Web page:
French tycoon Tapie charged in corruption probe
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French business mogul Bernard Tapie was charged Friday in a corruption inquiry over a massive state payout to him, according to his lawyer. Tapie, 70, who has been held in custody since Monday, is a lively member of the country’s business elite and has close ties to former president Nicolas Sarkozy.
The multi-decade scandal dating back to his 1993 sale of sports group Adidas also implicated IMF chief Christine Lagarde.
Tapie has been charged with fraud as part of an organised gang in connection with a 400-million-euro state payout he received in 2008 when Lagarde was France’s finance minister.
Investigations are currently underway to find out whether close ties between Tapie and members of Sarkozy’s cohort influenced the government’s decision to turn to a private arbitration tribunal to resolve his protracted dispute with now-defunct bank Credit Lyonnais.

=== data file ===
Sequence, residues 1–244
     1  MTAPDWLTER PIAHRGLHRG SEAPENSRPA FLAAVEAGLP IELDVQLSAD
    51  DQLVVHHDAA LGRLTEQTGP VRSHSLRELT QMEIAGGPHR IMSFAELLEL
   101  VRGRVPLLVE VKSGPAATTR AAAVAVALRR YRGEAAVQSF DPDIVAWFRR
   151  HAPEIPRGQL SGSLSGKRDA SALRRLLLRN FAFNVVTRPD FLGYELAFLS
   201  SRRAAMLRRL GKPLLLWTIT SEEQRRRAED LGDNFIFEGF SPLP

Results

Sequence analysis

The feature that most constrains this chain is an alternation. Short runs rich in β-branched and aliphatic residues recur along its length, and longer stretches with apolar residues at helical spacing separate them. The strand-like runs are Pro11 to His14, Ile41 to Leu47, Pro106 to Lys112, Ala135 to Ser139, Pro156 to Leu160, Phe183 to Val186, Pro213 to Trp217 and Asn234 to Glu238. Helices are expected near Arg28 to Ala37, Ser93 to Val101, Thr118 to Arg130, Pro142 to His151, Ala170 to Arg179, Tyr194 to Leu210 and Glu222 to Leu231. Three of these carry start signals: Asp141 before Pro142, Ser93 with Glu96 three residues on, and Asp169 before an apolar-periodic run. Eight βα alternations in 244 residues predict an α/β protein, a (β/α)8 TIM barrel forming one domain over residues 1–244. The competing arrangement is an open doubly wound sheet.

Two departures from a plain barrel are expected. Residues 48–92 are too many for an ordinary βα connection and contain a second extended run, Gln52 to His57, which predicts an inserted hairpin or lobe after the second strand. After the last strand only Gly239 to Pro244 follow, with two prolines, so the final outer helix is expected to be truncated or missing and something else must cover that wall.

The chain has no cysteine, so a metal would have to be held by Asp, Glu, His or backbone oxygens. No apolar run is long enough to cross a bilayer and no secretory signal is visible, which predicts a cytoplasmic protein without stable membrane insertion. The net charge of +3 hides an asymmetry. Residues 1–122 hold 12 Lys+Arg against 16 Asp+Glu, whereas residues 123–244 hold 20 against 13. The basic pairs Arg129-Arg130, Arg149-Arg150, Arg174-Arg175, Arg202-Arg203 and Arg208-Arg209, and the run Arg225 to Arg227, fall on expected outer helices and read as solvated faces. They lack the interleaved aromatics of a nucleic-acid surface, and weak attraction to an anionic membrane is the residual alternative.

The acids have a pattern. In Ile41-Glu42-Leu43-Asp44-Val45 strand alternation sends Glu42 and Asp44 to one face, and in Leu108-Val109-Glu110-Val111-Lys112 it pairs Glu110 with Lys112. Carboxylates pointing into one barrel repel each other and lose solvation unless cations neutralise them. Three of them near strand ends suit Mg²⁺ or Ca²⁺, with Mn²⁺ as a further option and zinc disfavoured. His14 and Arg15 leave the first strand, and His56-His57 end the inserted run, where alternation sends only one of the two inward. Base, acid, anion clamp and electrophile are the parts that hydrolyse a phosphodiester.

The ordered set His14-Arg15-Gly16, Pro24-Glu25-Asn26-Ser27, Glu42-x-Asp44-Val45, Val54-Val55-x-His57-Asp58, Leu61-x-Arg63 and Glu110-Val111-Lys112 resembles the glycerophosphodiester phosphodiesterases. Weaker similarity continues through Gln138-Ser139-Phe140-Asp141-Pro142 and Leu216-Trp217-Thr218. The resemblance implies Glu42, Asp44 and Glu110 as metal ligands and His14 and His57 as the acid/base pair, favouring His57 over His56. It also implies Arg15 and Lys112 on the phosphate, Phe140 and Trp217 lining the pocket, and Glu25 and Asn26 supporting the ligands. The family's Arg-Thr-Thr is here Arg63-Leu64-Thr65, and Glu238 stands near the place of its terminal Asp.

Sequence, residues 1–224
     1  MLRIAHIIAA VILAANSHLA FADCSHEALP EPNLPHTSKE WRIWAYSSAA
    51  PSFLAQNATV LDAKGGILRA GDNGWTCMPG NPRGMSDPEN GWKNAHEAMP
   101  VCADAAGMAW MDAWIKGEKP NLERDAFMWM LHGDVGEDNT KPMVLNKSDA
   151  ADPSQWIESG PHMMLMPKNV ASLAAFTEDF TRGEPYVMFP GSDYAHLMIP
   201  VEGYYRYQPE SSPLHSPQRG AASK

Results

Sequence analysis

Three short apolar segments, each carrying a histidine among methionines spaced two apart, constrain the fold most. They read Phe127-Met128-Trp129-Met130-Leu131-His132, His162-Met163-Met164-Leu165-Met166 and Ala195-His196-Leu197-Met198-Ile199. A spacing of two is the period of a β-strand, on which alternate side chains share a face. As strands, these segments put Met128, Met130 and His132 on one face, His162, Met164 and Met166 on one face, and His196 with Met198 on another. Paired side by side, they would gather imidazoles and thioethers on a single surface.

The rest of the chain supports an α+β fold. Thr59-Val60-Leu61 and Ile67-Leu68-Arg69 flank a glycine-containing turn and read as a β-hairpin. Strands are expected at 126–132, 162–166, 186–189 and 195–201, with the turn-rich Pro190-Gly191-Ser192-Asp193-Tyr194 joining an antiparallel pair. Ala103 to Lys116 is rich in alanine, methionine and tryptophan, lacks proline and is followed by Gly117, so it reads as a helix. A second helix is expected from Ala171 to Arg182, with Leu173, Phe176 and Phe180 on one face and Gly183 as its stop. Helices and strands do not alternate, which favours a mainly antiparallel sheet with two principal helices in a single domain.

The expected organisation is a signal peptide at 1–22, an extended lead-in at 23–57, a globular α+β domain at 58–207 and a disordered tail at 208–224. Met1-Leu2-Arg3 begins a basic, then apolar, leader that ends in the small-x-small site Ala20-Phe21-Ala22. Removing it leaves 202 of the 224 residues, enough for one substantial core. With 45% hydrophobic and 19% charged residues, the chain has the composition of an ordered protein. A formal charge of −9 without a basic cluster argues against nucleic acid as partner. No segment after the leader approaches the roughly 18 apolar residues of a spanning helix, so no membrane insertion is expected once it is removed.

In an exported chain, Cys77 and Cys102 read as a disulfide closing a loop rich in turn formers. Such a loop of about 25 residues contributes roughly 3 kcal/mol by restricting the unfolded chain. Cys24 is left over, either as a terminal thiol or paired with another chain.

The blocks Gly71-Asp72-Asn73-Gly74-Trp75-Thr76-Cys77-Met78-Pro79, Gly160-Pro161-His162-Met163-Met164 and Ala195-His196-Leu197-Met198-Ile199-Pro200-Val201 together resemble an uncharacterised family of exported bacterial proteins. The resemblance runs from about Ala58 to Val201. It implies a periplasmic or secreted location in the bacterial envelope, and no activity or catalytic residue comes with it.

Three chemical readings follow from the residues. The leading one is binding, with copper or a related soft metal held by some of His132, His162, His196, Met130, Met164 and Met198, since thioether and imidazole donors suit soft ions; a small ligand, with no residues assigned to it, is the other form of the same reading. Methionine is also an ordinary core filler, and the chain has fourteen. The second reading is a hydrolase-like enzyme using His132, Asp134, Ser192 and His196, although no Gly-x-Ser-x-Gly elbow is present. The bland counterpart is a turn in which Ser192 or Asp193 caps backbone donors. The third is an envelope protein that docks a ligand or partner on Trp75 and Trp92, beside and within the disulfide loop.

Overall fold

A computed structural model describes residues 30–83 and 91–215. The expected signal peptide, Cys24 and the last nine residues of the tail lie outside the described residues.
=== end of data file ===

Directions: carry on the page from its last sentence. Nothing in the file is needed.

Three people have been charged over the scandal since May, including Stéphane Richard, the head of telecommunications giant Orange.
Lagarde was questioned for two days in May about her role in the affair, but she has not been placed under formal investigation.
Socialist President François Hollande, who took office last year, vowed to do away with unfair advantages for the wealthy and well-connected.
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